EQ: Sunday February 20?
LE: That is correct. We do not have the record when this information came to Biogen.
We can only say when this information was forwarded into the Elan system.
There is a defined operating procedure. You cannot just pass on information. You have to go through a number of steps. You have to validate the information. On February 17, we announced our two-year data. I was personally informed on February 20.
EQ: How can it happen that a combo (therapy) has a reaction?
LE: In the one confirmed case, you cannot say with 100 per cent certainty that it is combo alone. We think that it is related to combo, but we don't know that.
If you have two immune modulators in combination, you may get an effect that you can't predict using one drug by itself.
So, we do not know at all whether there is a causality between the drug and this side-effect. All of these questions need to be addressed.
EQ: And the other case?
LE: The other case was a patient of a similar age in their mid-40s.The patient was on the dose for over two years and documented itself in symptoms that suggested that it could be PML.
Then an investigation started doing all the necessary tests on the brain and the cerebral spinal fluids.
EQ: The communication after February 17 up to last Monday. Is that a normal time period?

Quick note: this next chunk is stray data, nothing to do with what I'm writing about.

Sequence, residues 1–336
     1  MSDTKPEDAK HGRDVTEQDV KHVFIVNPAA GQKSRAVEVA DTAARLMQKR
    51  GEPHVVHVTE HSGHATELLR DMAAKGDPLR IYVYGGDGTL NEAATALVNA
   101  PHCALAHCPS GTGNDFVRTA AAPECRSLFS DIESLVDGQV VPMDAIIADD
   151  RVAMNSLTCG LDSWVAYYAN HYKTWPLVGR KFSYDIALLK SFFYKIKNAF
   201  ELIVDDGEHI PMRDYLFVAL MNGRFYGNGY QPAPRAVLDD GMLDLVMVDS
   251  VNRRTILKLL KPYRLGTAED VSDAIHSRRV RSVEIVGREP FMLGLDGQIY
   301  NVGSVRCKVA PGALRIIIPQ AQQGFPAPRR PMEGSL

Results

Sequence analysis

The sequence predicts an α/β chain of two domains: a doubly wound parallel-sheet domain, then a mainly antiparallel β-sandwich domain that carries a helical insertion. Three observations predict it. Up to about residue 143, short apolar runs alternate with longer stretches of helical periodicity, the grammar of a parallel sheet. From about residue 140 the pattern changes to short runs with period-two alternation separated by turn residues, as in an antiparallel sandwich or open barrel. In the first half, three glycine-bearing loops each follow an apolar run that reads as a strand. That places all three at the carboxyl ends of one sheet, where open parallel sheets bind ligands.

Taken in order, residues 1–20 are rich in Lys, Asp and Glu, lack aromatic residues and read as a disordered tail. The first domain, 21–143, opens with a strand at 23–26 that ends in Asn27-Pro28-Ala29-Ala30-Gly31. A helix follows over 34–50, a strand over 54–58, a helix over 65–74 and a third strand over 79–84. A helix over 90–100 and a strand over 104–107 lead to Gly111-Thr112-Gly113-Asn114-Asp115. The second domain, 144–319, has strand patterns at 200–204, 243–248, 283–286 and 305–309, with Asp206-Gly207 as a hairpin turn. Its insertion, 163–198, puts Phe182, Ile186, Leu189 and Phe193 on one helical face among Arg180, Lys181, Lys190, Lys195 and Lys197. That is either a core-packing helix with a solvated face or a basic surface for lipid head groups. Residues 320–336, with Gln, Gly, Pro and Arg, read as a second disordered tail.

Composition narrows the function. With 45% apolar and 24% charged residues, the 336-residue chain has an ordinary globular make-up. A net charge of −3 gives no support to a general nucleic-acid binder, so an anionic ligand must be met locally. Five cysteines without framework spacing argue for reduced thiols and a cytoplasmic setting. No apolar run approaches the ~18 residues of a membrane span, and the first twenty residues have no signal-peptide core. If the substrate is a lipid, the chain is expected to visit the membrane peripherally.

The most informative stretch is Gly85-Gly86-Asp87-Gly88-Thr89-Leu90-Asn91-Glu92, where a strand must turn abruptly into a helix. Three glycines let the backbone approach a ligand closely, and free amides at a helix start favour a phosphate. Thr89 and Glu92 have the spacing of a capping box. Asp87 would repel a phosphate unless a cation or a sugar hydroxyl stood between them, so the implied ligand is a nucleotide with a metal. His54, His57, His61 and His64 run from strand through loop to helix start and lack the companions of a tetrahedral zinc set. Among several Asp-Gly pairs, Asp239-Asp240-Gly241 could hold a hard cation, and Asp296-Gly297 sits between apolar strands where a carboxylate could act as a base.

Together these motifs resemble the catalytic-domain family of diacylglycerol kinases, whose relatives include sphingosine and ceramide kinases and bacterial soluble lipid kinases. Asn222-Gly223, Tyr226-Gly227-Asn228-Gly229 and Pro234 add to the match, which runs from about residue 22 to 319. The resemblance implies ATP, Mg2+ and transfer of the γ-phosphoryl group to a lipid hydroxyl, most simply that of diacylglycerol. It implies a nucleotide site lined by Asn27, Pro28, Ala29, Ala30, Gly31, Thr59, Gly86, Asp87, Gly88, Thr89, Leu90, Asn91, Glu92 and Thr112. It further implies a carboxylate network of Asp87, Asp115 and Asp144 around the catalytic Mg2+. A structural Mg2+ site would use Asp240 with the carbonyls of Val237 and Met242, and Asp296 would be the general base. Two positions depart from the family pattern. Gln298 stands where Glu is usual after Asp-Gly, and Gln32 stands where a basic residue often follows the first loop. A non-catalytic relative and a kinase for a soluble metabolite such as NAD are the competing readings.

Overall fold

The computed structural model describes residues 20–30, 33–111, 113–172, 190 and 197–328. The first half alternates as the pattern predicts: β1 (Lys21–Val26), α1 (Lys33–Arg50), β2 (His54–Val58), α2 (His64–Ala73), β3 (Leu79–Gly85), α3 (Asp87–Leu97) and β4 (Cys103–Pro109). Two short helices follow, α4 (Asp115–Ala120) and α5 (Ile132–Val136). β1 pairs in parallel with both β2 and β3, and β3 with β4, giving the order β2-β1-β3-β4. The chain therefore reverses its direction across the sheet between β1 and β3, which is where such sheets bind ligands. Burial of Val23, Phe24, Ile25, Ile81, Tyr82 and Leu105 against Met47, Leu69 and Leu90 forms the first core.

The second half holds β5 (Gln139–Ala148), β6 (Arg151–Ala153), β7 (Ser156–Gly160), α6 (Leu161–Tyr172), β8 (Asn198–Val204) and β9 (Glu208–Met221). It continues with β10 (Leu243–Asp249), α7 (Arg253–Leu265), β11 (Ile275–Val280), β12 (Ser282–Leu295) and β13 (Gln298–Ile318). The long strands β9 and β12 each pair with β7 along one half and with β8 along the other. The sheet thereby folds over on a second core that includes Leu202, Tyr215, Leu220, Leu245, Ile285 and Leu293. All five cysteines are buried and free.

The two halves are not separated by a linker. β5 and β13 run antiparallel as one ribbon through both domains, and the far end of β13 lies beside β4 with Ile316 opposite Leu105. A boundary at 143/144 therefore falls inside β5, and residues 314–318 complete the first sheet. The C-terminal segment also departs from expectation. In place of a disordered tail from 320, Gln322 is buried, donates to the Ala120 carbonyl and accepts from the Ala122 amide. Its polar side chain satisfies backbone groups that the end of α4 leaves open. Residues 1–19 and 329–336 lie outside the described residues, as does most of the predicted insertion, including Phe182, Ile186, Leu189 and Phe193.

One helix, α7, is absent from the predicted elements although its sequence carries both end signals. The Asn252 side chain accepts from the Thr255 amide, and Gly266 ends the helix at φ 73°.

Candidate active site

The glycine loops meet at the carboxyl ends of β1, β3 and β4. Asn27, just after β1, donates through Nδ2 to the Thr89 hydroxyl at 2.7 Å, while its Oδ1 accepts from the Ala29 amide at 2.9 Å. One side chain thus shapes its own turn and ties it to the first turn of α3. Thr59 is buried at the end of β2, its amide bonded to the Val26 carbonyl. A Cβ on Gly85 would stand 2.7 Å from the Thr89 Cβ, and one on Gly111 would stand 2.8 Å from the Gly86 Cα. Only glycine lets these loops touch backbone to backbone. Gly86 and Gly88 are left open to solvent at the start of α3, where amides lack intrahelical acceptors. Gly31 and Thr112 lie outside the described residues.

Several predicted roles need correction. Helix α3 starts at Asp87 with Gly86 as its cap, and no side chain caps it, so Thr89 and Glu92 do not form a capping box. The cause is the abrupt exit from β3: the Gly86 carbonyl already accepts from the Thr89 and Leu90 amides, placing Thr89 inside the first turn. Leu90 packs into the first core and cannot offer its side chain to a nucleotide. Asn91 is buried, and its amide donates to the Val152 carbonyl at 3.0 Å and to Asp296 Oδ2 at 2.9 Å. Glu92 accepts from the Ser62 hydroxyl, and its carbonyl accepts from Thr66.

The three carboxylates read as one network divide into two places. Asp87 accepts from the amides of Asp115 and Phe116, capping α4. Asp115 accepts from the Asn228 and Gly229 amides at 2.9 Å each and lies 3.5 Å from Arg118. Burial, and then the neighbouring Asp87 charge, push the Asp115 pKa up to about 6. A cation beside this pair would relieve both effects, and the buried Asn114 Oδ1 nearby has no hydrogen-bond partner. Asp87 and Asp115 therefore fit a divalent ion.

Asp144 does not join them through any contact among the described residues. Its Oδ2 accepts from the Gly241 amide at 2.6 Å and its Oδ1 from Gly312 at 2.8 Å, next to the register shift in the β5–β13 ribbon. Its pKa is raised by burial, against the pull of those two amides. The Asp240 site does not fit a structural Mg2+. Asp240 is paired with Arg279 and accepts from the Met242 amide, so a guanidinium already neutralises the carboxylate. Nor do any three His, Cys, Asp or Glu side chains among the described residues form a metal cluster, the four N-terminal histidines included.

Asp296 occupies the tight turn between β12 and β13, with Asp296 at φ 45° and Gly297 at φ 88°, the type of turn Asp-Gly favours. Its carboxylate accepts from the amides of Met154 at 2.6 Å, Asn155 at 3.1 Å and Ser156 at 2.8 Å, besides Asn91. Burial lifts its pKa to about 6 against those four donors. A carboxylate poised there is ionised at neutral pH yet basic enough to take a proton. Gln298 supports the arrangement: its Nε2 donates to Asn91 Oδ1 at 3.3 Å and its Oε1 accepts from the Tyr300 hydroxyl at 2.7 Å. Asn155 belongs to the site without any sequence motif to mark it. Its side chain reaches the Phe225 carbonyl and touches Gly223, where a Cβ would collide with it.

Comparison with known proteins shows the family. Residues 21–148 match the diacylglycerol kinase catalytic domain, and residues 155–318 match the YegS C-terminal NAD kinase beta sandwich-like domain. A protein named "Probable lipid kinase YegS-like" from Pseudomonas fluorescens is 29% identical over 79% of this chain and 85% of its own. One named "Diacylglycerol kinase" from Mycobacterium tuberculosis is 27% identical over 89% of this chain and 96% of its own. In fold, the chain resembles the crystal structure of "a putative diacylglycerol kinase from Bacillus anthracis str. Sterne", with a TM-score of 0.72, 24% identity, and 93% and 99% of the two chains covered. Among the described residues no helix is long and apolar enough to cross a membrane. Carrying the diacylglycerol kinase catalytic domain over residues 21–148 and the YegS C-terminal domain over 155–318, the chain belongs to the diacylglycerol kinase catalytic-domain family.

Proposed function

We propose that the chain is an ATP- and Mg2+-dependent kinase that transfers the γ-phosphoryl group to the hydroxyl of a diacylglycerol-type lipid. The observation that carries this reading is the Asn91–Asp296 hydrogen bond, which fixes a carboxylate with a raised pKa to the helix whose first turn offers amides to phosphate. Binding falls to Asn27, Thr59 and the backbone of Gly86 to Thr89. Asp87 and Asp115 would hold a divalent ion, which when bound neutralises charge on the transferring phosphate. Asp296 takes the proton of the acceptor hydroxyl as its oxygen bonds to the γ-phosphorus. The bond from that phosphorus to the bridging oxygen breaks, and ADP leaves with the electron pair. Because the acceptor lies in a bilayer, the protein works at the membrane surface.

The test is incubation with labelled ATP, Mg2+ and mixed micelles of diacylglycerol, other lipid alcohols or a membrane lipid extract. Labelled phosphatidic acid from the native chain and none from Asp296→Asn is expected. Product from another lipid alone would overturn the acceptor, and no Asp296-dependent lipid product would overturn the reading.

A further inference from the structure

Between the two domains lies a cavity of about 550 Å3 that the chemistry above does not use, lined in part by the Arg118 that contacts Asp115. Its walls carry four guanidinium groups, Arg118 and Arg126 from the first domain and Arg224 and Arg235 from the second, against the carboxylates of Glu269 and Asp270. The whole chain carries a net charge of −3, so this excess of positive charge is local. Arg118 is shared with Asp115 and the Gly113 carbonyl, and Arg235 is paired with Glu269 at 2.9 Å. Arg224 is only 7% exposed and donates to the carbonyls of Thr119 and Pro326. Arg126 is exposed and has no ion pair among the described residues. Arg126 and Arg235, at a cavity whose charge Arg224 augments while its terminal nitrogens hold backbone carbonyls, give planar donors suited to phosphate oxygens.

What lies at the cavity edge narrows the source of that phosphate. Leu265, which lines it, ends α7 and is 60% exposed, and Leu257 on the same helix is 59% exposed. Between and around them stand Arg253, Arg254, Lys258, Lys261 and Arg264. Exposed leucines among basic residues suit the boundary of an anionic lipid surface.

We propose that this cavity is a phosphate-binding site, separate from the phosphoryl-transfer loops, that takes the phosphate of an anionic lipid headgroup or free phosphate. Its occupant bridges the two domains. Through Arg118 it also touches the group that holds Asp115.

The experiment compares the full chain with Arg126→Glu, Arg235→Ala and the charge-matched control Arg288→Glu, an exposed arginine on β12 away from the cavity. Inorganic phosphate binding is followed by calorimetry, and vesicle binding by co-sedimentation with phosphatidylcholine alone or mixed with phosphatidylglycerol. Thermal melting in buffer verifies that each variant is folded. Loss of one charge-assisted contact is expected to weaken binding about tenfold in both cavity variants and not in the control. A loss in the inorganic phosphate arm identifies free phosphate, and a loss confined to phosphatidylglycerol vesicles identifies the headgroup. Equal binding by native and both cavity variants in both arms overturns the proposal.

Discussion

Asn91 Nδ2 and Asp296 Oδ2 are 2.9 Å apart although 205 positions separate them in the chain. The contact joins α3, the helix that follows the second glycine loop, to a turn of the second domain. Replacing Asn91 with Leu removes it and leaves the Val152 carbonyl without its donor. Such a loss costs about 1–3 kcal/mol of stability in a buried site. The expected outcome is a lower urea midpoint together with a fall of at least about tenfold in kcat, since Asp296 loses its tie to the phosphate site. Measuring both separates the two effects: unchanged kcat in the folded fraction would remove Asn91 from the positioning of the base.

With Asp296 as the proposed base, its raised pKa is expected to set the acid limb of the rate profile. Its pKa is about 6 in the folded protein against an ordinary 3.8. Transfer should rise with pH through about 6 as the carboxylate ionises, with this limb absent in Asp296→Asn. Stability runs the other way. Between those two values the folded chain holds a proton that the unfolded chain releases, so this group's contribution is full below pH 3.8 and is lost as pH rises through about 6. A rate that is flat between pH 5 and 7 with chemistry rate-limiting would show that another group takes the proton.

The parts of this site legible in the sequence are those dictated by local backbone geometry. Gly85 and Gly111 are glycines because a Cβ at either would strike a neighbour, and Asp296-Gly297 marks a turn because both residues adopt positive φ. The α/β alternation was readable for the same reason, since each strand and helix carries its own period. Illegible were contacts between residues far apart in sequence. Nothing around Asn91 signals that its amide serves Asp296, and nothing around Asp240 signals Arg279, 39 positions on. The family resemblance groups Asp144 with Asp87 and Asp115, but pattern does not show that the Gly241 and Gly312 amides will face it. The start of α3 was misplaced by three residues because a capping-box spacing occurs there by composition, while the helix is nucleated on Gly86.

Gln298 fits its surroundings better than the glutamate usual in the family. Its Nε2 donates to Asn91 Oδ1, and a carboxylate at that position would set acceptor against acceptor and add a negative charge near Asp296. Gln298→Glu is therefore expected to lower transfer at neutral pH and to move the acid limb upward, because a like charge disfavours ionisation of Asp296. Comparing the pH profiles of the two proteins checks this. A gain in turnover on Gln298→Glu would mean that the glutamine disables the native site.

LE: I think it is exceptionally fast. I think from the time when companies notify when they have done their investigations and when they have been to the FDA, in many cases, the turnaround time from notification to action was about ten days. It is exceptionally fast.
Normally, you would have to have a much longer period to investigate what is really happening. It is a difficult trade-off, because you have to think of all those patients who are benefiting from the drug.
MS is a disease which can lead to disability and death. It is not an easy decision. This is not a pain drug. This is a drug that prevents a severely-disabling disease.
EQ: Can those 3,000 be put on another drug?
LE: It is too early to say how they are treated. They may be put on Tysabri when it is reintroduced. We will talk to the FDA about when it can be reintroduced. There will be a number of interactions with the FDA in how we are going to manage these patients.
EQ: What happens now? Is the second case key to this process?
LE: No. Even if we have a third case, it is not key. What is key is to go back into all the information we have. We have these brain scans on the patients. Those scans will be reanalysed.
We will also be taking new scans on all the patients and we will be doing a clinical work-up on each patient.
When all of that is done ,we will have a good understanding whether there is another patient or whether this is a single case.
Together with the FDA, we will then be able to say how can we inform the patients, how can we inform the physicians and when is the appropriate time to bring the drug back to the patients.